At the Conservative Party Conference in 2013, the defence secretary Phillip Hammond announced plans to take on “hundreds” of cyber security experts to serve as “cyber reservists” to defend national security.
The plan was to have them working with existing government IT security teams, with Joint Cyber Units in Corsham and Cheltenham and other units in the defence network.
The cost of up to £500m is fairly negligible against the cost of cyber crime to the UK industry of £27bn – but the bigger issue is, where does that technology talent come from?
In November 2015, prime minister David Cameron said his government would fund an increase of 1,900 intelligence personnel, echoed by chancellor George Osborne who said in his speech to GCHQ that “as the threat develops, we will need to make sure that our capabilities develop to match it”.
It is clear there is a problem that needs to be solved, and finding the people to fill the void has been a key strategy for the past two governments. Despite that, the skills shortage continues and recent changes to the Home Office’s immigration rules have made it even more difficult to hire skilled workers from outside the European Union (EU).
According to paragraph K2 of page 43 of the Statement of changes in immigration rules, published in October 2015, “cyber security specialist” is on the official skills shortage list, from 19 November 2015. The skills shortage list is the list of occupations which the Migration Advisory Committee recognises as being in shortage, and which the government has agreed that Tier 2 (work permits) can be obtained for, without the need for a further test of the resident labour market. This makes it is unnecessary to advertise those jobs in the EU for 28 days before hiring outside.
However there is a downside to this, according to Victoria Sharkey, partner at immigration legal practice MediVisas. Fresh changes recognise the shortage of skilled cyber security specialists – but taking advantage of the 28-day advertising waiver may present tougher challenges than adhering to it, she says.
“This is going to be really challenging for startups, as working with UKTI (UK Trade & Industry) will apply to an incredibly small number of companies,” says Sharkey. “So most will still have to advertise the job as usual, to show that there are no EU nationals who could do this.
“It is restrictive. In an industry which is about innovation, people should not need to advertise to bring in programmers in this key area – especially when government has acknowledged the shortage.”
This is because the Home Office has also introduced the need to become a “qualifying company” to hire non-EU immigrants. To become a qualifying company is where the problems begin, and arguably advertising for the 28 days inside the EU could put up fewer hoops to jump through.
Sharkey explains that, to become a qualifying company, they will need to be licensed as a sponsor to secure an employee on Tier 2 work permit. Companies with fewer than 20 staff – which means most startups – will have to register and work with UKTI, as well as register with the Home Office as a sponsor, before a certificate of sponsorship is granted to enable them to hire from outside the EU.
Also, to be a qualifiying company, a company cannot be more than 25% owned by a larger company which has more than 250 employees. So for example, if a startup had angel investment from a large global IT company, they would also not be able to take advantage of the advertising waiver, as that investor employs more than 250 people.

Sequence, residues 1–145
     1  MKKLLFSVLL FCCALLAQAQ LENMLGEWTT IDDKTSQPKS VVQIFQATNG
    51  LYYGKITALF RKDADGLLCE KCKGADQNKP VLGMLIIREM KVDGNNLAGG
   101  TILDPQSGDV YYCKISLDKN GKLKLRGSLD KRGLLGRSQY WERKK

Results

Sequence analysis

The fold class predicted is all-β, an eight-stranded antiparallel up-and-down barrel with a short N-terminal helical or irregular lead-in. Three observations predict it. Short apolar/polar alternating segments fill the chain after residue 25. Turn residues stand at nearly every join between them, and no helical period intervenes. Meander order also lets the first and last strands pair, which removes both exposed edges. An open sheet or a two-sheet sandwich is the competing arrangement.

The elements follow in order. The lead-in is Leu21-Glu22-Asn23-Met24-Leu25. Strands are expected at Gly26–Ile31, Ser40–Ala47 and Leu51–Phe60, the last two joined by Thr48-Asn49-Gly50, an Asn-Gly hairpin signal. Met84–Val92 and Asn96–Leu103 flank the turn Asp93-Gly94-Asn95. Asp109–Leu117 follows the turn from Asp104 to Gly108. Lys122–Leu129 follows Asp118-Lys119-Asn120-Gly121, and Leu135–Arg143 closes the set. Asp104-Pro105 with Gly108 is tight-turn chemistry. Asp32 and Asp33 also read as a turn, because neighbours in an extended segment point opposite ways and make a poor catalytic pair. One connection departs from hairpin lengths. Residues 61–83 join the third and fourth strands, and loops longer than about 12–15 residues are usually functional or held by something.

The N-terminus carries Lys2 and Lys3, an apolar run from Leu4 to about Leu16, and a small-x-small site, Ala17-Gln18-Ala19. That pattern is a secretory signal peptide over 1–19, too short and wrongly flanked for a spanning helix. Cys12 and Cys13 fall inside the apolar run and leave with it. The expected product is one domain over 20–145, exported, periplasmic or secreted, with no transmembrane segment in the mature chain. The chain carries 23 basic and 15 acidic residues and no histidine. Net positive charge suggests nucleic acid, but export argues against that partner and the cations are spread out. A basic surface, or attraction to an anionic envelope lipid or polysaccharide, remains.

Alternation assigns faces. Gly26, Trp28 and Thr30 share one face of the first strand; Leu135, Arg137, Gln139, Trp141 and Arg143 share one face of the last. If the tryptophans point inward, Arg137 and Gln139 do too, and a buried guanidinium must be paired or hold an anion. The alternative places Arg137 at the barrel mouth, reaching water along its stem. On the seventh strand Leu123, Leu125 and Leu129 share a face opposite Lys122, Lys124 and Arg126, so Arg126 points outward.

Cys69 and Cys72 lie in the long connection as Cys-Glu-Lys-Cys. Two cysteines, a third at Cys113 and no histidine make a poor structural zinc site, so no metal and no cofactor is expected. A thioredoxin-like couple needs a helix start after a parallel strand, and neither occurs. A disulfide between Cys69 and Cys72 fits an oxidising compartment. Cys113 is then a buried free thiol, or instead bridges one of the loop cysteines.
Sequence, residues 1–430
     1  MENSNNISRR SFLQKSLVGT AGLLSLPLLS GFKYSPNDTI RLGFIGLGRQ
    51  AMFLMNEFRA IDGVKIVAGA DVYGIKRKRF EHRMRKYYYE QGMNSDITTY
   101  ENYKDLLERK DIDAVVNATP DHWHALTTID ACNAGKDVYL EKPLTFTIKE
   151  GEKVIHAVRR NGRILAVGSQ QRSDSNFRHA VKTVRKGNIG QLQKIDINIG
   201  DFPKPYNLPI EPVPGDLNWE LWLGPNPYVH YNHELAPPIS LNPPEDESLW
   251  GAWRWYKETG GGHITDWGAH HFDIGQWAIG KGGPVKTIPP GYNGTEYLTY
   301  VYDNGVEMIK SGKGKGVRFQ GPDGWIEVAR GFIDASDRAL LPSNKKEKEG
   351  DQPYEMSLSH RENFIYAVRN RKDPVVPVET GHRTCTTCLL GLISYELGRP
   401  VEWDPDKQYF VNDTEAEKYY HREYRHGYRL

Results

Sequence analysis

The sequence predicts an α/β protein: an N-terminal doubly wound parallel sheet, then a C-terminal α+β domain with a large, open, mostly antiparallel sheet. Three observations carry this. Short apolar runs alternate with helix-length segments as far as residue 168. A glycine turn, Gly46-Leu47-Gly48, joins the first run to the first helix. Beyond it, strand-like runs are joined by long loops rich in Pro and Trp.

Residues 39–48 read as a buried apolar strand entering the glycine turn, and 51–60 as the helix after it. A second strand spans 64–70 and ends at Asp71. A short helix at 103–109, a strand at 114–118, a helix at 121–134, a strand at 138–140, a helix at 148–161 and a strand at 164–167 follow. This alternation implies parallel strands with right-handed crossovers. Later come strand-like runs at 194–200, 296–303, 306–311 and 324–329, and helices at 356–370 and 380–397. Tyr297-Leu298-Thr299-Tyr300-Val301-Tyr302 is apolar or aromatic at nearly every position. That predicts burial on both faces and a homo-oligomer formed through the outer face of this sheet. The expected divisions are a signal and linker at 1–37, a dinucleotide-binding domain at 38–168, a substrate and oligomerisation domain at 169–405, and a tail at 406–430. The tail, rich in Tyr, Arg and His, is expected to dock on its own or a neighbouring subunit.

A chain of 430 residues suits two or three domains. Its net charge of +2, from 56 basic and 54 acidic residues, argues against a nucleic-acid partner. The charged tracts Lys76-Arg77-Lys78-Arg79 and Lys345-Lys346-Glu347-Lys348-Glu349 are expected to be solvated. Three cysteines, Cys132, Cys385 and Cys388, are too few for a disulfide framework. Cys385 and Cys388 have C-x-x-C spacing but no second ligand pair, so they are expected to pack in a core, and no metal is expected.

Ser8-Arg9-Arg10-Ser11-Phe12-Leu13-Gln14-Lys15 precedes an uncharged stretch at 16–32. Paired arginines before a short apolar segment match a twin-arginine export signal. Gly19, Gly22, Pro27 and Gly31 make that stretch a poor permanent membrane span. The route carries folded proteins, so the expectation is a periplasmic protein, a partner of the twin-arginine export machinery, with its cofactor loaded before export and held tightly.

No positive effect on industry
Another requirement to qualify for the advertising waiver is that an employer needs to obtain and retain references for a migrant worker going back five years, to prove that the employee has the relevant experience. Sharkey says: “This is ridiculous in the days when most references mention only dates of employment for legal reasons.”
Many employers will issue references via their human resources (HR) departments, she says, and will not specify relevant experience or leadership, unless they had “team leader” as a job title. Particular to the cyber security specialist, the shortage relates to a person with a minimum of five years’ relevant experience, and demonstrable experience of having led a team.
“In short, any claim to be helping the industry is nonsense, because there are so many hoops the employer has to jump through that it is almost certainly going to be easier for them to just advertise the position as they have to now,” she says. “I would be extremely surprised if these changes made any difference at all to employers.”
There are fewer applications for IT professionals to work in the UK than there were 20 years ago – as many larger companies outsource – but UK industry’s increased need for cyber security professionals will not benefit from these changes.
“It is great that cyber security has finally been recognised, but once employers look at this they will realise trying to become a qualifying company and making sure the applicant has references as required is more cumbersome than advertising the job for 28 days,” says Sharkey. “So this is the Home Office being seen to do something, but not making any changes to have any positive effect on the industry.”
Adrian Davis, European managing director at (ISC)2, said its Global Information Security Workforce Study identified a current need for security analysts, but the skills shortage goes right across the board. “This measure may reflect more about immigration policy than the shortage itself,” he says.
“I suspect experience is required across many disciplines that they seek to provide for through immigration.”
A request for comment was sent to both the Home Office and immigration minister James Brokenshire, but both declined.
This was first published in November 2015